J. A. Bojesen-Koefoed1*, T. Bidstrup1, F. G. Christiansen1, F. Dalhoff1, U. Gregersen1, H. P. Nytoft1, H. Nøhr-Hansen1, A. K. Pedersen2 and M. Sønderholm1

1Geological Survey of Denmark and Greenland (GEUS), 10 Øster Voldgade, DK-1350K Copenhagen, Denmark.

2Geological Museum, Øster Voldgade 5-7, DK-1350K Copenhagen, Denmark.

*Author for correspondence, email:


Organic geochemical screening and biological marker analysis was carried out on a total of 45 Albian–Cenomanian sandstone and mudstone samples collected from a landslide block on  the north coast of Disko island, central west Greenland. The landslide block covers an area of several square kilometres, and originated approximately 400 m up-section from where it moved to its present position after the last glaciation. The mudstones are generally rich in organic carbon, but show no potential for petroleum generation. However, biodegraded oil stains were found in the poorly lithified sandstones. Staining by undegraded or only slightly degraded oil in volcanic rocks is common in this region, but the occurrence described here is the only known outcrop where staining occurs in siliciclastic sediments, as well as the only one in which the oil is severely biodegraded.

The biodegradation shows preferential elimination of cheilantanes. This unusual feature is probably an effect of the permafrost prevailing in the region. The oil stains appear to represent a biodegraded variety of the Cretaceous marine shale-derived Itilli oil type which is known from many locations in the Disko–Nussusaq–Svartenhuk Halvø region. The oils entered the sandstones before the landslide event, probably during or before the extrusion of the volcanic succession in the Paleogene.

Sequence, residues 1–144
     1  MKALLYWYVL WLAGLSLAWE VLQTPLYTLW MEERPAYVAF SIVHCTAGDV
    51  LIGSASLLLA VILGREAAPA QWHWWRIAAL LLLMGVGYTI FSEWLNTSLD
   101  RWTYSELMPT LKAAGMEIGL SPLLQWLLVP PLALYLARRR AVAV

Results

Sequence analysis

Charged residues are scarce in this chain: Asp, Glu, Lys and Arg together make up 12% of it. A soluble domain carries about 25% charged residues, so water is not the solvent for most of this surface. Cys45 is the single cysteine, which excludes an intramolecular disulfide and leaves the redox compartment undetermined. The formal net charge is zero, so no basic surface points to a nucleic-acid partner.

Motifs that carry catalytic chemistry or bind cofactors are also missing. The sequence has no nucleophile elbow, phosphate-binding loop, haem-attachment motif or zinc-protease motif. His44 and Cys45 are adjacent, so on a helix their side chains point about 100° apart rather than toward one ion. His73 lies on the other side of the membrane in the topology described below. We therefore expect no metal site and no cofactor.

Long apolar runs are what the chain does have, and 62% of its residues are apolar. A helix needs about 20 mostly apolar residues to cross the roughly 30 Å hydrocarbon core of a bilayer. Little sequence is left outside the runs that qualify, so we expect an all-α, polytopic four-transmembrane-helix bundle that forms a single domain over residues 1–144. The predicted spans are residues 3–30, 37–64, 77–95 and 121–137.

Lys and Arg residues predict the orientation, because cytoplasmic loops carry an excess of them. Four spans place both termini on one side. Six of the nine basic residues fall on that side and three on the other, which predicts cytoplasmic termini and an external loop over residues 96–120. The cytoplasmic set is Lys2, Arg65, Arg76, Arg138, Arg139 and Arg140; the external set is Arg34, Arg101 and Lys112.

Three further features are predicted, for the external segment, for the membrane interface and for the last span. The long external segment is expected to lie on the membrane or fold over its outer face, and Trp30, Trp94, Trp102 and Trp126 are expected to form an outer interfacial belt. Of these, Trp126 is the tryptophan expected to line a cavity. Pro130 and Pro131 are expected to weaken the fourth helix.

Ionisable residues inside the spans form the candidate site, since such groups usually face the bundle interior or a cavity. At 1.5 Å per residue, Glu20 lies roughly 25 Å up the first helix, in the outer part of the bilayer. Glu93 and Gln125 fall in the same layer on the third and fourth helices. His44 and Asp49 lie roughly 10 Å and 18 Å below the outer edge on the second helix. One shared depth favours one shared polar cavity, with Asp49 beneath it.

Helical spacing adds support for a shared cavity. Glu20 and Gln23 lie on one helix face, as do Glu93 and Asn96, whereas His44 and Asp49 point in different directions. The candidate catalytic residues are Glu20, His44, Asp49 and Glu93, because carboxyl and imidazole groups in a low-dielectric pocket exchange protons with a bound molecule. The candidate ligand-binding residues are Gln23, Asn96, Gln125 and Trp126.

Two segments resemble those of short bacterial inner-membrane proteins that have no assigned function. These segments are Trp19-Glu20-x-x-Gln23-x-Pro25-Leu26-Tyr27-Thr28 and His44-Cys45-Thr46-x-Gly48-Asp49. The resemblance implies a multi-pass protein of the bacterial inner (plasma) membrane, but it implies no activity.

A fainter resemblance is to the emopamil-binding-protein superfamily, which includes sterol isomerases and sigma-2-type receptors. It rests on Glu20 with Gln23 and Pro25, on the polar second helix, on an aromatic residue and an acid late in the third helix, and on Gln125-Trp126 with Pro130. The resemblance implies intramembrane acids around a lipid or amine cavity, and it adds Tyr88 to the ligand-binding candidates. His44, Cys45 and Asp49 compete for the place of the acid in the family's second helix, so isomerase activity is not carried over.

This is the first time that a petroleum seepage has been found east of the Kuugannguaq-Qunnillik fault zone, which is located approximately 30 km to the west of Asuk. The presence of staining by marine oil at Asuk demonstrates that marine petroleum source rocks were deposited  far further eastwards than previously thought, thus expanding the area of potential exploration significantly. The presence of marine source rocks to the east of the Kuugannguaq-Qunnillik fault zone may explain the frequent observation of “Direct Hydrocarbon Indicators” in seismic data collected in the Vaigat Sound.

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